March-April and October-November are the two main trekking seasons in Nepal. These months have by far the greatest weather and avoid the rainy season in the middle of the year. Although the dry winter months can make for quieter routes, many teahouses close and the trail may become inaccessible. If you’re traveling during the beginning of the trekking season, it’s a good idea to inquire about trail conditions in Kathmandu before departing.
Khopra Ridge Trek: Equipment List
- Sun hat or scarf
- Winter hat or insulating hat or a wide-brimmed hat
- Headlight with extra batteries
- Sunglasses with UV protection
- Face/body wipes
- Hiking shirts
- Long-sleeved shirt
- Hooded rain jacket
- Fleece jacket
- Lightweight cotton pants
- T-Shirt (bring lightweight wool)
- Polypropylene underwear
- Down jacket (available for rent in Kathmandu)
- Waterproof jacket and pants
- Lightweight gloves
- Heavyweight winter gloves
- Hiking Boots
- Thick wool socks (Take an extra pair of thick light socks)
- Backpack or daypack (Size depends on whether you take porter or not)
- Thermal bottle
- Water purification
- Trekking pole
- Sleeping bag (-15-degree bag is best in the high altitude trekking)
- First aid kit
- Extra passport photos and passport photocopies
- Notebook and pen
Khopra Ridge Trek: Permits and Fees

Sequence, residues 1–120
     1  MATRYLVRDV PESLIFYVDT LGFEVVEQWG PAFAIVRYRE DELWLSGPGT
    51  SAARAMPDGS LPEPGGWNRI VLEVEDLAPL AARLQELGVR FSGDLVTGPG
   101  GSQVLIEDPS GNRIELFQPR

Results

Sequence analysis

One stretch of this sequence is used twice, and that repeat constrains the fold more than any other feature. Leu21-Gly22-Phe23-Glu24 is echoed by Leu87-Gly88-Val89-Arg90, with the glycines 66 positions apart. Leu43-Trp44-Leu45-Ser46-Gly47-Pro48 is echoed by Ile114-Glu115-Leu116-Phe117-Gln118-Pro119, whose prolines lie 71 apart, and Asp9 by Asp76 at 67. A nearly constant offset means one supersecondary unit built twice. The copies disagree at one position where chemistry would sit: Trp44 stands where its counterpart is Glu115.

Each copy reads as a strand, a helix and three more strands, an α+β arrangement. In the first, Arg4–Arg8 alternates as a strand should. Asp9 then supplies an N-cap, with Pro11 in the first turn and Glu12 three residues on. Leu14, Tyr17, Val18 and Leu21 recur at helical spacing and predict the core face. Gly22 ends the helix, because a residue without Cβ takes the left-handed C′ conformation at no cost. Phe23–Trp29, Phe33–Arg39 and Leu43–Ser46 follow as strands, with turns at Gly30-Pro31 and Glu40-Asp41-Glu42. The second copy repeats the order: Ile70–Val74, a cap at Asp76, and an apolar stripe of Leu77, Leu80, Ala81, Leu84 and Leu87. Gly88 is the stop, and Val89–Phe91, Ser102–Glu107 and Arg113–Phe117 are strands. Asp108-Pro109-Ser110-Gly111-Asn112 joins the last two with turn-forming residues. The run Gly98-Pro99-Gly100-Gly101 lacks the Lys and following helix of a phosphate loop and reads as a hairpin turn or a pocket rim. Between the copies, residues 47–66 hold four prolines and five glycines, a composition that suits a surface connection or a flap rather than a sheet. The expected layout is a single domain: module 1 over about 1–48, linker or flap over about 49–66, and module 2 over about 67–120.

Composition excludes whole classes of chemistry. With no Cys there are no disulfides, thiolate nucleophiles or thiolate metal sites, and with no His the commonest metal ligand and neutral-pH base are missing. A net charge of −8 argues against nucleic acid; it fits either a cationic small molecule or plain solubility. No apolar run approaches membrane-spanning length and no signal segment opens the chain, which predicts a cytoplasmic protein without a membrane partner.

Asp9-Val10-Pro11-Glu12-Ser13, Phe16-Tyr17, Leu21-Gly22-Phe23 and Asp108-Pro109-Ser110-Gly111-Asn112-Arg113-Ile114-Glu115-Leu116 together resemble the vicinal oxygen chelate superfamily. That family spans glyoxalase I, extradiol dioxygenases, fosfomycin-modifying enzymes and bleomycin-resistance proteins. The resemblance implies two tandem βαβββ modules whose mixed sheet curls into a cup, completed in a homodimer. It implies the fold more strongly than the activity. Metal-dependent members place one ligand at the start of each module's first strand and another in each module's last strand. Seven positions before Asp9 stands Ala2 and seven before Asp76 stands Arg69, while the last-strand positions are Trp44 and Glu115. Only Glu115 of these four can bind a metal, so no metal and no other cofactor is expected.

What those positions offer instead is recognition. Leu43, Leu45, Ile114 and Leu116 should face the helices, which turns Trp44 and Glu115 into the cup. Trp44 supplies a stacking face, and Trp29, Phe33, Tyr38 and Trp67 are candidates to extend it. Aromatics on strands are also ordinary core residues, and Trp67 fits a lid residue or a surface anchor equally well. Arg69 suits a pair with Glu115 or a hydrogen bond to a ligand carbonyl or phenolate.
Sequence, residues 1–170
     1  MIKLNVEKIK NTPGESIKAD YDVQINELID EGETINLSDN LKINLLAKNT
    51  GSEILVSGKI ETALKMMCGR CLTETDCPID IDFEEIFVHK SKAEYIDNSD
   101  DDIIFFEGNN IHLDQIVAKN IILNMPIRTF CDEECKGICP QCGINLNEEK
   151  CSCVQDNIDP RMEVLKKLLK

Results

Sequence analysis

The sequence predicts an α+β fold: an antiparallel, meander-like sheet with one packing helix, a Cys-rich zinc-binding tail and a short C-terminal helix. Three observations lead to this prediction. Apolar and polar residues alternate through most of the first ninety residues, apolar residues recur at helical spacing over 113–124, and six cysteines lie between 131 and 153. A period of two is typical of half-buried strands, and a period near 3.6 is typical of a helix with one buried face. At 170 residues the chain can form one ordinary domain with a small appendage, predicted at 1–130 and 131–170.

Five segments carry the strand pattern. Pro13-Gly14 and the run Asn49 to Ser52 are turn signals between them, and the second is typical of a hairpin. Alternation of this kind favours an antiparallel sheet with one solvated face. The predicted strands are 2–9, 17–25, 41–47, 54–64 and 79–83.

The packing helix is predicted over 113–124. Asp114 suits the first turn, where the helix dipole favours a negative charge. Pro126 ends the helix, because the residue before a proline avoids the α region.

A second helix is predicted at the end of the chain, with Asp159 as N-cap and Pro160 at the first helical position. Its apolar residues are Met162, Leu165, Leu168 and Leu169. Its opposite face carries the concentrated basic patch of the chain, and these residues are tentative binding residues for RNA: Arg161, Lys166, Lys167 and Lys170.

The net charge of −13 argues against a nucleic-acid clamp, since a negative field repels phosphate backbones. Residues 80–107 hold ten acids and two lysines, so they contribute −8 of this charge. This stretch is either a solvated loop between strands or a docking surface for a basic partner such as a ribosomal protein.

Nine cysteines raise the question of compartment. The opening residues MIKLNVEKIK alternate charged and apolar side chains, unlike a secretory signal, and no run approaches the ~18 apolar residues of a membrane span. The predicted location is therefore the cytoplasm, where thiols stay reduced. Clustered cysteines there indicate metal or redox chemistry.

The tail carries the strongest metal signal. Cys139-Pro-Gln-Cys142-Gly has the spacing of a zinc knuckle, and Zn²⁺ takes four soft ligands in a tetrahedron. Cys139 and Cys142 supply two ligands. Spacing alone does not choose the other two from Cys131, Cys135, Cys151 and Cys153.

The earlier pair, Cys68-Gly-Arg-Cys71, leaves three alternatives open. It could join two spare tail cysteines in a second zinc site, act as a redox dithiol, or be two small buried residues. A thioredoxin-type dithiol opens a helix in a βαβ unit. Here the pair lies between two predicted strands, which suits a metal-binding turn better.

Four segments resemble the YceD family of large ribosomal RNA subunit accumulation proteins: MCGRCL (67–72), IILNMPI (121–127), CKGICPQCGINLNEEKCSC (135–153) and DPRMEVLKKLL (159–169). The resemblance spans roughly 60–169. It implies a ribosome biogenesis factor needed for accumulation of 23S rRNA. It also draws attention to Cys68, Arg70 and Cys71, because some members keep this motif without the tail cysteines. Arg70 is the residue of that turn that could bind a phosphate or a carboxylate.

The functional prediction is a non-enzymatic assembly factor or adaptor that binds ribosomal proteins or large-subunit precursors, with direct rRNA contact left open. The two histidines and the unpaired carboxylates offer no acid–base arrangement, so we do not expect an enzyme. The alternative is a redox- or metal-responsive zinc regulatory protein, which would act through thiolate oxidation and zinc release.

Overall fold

Permits can be applied for in either Kathmandu or Pokhara. The Trekkers Information Management System (TIMS) card will set you back 2000 rupees (US$20). The entrance fees for Annapurna Conservation Area are 3000 rupees (US$30). Please note that the fees are subject to change depending on the season you trek. You must have a basic itinerary, plenty of passport photos, and your travel insurance information on hand.
Khopra Ridge Trek: Cost/Price
The estimated budget is determined by the type of trek and the amount of money invested. On the other hand, the price ranges from around $999 to $1299 on average. It also depends on how much money is available for extra indulgences. The charge covers transportation, meals, and other amenities such as tents, camping, high-altitude tents, and other items listed in the Include section. The trek to Khopra Ridge can be done in either the spring or the autumn, although we recommend doing it in the spring. Please contact us if you have a large group interested in Trekking Khopra Ridge or any other trekking peaks in Nepal. We may be able to provide group pricing.
Khopra Ridge Trek: Accommodations
Traditional tea houses and new community lodges provide lodging on the khopra ridge trek. Traditional Nepali teahouses, managed and controlled by local families, will provide you with a memorable experience. Private rooms and a common bathroom are available in the teahouses. On cold nights, there will be a community space where you may order meals and sit by the fire. The community lodges, on the other hand, are larger than teahouses, built in a modern style, and run and sponsored by Mahabir Pun and his team in a unique way. It is managed by members of the local community who rotate through the position every few months. The money produced is subsequently distributed among the members of the community.